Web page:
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 Developing Replacement Heifers

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Oldtimer

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PostSubject: Developing Replacement Heifers   Sat Nov 19, 2011 5:44 pm

An article that was in the last Montana Angus News:

Quote :

Beth M Blevins,DVM was born and raised in Cut Bank, Montana. She attended Carrol College in Helena MT, where she found that snow actually piles up on fence posts and power lines. After graduating from Colorado State University in Fort Collins, Colorado, she completed a large animal internship at Washington State University in Pullman Washington. She has practiced in the Ronan, Montana area since 1987.



One chore for fall
involves selection of replacement heifers and development of those heifers. The tendency to choose the large well doing heifers results from eye appeal. The biggest heifers just attract the most attention. Consistently choosing the largest heifers tends to increase frame score
on the herd. A hip height of 47 to 50" for a 10 month old heifer
would be a frame score of 5 or 6 which is a moderate frame score.
At 20 months that same heifer should have a hip height of 50 to 52"
as measured when the heifer is standing square, sighted at the hook
bones. Having an idea of the
desired frame score on the cow herd or even knowing the average height in the cow herd now and whether an
increase, decrease or maintenance of that frame is desired helps
determine a target weight for replacement heifers. Having a target
weight for the heifers gives a producer a tangible goal. Angus heifers,
as well as other breeds that are not Brahma or Brahma-cross, reach
puberty at 60-65% of their mature weight. Using the frame score to predict mature weight then allows computation of a target weight for puberty. For example a frame score of 5 in a 10-month old heifer
should have a hip height of about 48" and a mature weight of
1173#. Sixty percent of 1173# is 704# as the target weight for
puberty. Hitting the target weight at the start of the breeding season
gives that heifer the best chance of breeding. Ideally heifers
should have an average daily gain from weaning to the start of
1 to 1.5# per day. Adequate, but not excessive, gains ensure proper udder development and milking ability. Protein and energy requirements
met in a balanced ration to achieve a body conditon score of
6 is ideal. Heifers gaining on average from weaning to breeding, more
than 2# per day had decreased fertility as did thin heifers. In addition,
the fatter
heifers have a decrease in lifetime weaning weights because of decreased milk production. If heifers are thin for part of the period from weaning
to breeding, then fed more to hit the target weight, the fertility and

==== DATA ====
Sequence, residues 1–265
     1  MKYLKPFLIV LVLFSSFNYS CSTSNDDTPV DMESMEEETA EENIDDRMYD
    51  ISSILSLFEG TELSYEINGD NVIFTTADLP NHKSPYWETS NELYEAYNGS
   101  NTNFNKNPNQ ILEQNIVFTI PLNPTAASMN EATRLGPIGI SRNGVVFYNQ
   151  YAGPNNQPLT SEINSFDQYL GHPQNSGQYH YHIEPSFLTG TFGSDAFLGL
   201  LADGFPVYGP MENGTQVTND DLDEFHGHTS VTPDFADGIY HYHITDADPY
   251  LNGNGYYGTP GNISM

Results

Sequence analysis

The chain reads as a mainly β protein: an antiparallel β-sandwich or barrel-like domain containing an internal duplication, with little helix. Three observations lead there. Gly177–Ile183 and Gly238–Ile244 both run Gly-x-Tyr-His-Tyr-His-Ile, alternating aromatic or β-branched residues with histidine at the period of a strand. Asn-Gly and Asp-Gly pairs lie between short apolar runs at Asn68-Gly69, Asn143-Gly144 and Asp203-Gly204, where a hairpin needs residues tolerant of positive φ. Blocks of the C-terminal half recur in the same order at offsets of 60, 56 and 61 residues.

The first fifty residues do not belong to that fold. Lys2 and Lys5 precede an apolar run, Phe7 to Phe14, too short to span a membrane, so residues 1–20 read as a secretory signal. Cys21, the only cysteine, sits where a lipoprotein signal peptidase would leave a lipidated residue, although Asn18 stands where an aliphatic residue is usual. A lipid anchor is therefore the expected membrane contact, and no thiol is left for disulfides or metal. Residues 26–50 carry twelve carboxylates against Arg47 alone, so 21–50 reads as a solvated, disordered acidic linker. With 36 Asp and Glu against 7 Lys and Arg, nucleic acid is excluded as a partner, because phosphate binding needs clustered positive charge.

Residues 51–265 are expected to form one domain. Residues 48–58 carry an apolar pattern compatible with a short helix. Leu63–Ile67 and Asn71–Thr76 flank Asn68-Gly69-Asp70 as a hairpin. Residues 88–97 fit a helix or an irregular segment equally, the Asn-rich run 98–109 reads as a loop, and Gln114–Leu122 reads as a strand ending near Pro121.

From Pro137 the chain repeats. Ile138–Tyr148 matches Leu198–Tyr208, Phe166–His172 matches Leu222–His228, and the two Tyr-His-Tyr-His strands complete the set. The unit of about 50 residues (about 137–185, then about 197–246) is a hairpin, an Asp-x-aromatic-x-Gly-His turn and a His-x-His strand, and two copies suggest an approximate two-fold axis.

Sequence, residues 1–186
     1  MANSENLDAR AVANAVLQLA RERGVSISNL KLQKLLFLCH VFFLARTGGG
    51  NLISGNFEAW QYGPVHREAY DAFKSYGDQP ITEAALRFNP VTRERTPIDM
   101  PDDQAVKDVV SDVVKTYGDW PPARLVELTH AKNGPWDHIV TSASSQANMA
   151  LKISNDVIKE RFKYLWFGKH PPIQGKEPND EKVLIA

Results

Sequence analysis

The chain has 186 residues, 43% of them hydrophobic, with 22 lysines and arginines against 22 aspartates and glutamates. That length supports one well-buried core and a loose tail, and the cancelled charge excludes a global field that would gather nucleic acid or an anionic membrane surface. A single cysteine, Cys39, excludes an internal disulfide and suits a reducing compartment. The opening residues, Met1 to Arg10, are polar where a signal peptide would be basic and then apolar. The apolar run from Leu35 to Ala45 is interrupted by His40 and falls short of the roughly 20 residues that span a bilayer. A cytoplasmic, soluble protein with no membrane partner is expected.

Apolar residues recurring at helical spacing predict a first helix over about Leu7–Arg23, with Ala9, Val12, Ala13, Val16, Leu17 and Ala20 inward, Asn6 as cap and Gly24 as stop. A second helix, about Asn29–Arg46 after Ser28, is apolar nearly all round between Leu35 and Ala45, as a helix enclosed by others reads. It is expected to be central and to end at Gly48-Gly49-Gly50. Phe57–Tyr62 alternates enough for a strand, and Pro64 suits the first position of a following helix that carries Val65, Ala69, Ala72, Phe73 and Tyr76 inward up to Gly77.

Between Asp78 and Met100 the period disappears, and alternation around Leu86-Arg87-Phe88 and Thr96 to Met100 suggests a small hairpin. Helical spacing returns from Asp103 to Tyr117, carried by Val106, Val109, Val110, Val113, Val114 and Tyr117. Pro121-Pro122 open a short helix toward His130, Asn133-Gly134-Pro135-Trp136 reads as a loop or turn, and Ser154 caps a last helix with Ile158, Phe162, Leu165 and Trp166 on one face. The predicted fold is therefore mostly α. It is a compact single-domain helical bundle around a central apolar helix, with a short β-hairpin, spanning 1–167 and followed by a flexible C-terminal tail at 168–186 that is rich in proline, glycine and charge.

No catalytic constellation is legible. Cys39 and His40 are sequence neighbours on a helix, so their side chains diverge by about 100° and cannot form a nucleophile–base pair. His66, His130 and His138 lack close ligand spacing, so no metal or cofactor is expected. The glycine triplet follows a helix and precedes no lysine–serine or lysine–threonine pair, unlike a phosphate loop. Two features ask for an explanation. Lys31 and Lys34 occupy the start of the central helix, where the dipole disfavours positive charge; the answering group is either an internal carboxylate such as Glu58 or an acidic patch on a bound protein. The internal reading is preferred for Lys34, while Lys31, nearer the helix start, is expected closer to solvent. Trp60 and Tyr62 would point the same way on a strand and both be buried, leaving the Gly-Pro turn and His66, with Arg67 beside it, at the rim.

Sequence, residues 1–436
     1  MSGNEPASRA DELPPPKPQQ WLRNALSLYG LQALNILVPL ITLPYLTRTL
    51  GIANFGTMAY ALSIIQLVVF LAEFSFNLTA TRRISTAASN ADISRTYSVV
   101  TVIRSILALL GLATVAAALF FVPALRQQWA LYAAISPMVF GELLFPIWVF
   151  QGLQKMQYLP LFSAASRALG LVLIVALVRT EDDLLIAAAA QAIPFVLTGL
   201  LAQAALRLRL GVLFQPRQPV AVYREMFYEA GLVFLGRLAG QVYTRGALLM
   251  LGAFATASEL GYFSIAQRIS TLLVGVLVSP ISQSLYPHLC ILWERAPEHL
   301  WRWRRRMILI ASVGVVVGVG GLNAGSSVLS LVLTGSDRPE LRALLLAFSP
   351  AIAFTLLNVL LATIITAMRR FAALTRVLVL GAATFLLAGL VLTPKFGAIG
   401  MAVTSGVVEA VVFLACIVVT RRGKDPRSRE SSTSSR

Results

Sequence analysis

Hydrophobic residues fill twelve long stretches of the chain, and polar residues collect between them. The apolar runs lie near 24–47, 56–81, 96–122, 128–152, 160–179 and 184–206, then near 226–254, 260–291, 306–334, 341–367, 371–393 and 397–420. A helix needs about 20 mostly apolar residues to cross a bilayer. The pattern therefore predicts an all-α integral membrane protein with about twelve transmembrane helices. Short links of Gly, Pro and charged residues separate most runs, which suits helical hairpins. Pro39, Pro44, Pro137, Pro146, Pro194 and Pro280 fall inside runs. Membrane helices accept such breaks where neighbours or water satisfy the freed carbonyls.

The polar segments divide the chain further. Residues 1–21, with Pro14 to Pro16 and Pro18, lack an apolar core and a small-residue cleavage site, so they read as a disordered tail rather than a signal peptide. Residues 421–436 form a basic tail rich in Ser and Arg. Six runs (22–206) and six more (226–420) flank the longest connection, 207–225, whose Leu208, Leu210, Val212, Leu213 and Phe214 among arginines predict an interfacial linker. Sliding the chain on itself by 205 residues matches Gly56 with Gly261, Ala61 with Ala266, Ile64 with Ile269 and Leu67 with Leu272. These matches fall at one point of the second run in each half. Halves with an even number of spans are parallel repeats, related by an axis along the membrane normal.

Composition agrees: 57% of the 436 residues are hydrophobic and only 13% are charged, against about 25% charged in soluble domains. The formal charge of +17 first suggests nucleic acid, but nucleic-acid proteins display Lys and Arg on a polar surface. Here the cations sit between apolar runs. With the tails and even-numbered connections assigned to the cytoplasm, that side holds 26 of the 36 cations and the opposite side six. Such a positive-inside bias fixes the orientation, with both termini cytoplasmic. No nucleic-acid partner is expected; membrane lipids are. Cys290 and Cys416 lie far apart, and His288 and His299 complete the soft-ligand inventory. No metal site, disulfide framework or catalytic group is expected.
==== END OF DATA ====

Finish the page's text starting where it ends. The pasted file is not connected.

milking ability are preserved. Looking at the entire weaning to
breeding period for the average of 1 to 1.5# daily gain and reaching
the target weight with a body condition of 6 is vital.

PELVIC AREA AND FRAME SCORE
Measuring pelvic area as a selection criteria for heifers facilitates the process if properly interpreted. Simply choosing the heifers with the
largest pelvic area will result in selecting for larger frame score. Unfortunately the larger frame score heifer has a larger frame
score calf and calving problems still encountered. Pelvic measurements taken with a caliper inserted rectally, finds the narrowest height
and width in centimeters. The product of those measurements yields
the pelvic area in centimeters. Instead of choosing bigger is better,
the best use of pelvic area measurement is to set a minimum of
150 sq centimeters at one year of age. Any heifer measuring less
is culled, but no preference is given to heifers measuring larger.

REPRODUCTIVE TRACT SCORE
If pelvic area is
being measured a reproductive tract
score can be determinded at the same time.
If the uterine horn is less than 20 mm diameter and the ovaries are the size of peanuts at 6 to 8 weeks prior to the start of breeding season,
the heifer is either too young, too thin or was implanted as a calf.
Prospective replacement heifers should never be implanted with
growth promotants as implantation is associated with fewer heifers
cycling and conceiving, especially younger heifers and heifers
implanted more than once. A reproductive tract score of 1 would
be assigned to that heifer. A 5 reproductive tract score has a
uterine horn diameter greater than 30mm with good tone and ovaries
the size of a large lima bean with follicles and a CL (corpus luteum formed from the follicle after a heat cycle). A score of 4 would have
uterine diameter of 30mm and and lima bean sized ovaries with follicles.
Heifers should have a 4 or 5 reproductive tract score 6-8 weeks
prior to breeding season.

Choose well when selecting replacement heifers. Pay attention
to thier development with feed and vaccinations. The heifers are
the future of the cowherd.
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larkota



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PostSubject: Re: Developing Replacement Heifers   Sat Nov 19, 2011 6:34 pm

blah blah blah

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PostSubject: Re: Developing Replacement Heifers   Sat Nov 19, 2011 6:55 pm

You were right Tom.
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MKeeney
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PostSubject: Re: Developing Replacement Heifers   Sat Nov 19, 2011 7:02 pm